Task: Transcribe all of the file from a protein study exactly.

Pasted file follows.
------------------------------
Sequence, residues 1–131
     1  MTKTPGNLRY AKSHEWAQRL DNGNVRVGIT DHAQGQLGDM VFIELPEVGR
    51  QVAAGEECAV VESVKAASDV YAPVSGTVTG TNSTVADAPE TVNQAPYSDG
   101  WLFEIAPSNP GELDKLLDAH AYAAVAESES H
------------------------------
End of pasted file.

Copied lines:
Sequence, residues 1–131
     1  MTKTPGNLRY AKSHEWAQRL DNGNVRVGIT DHAQGQLGDM VFIELPEVGR
    51  QVAAGEECAV VESVKAASDV YAPVSGTVTG TNSTVADAPE TVNQAPYSDG
   101  WLFEIAPSNP GELDKLLDAH AYAAVAESES H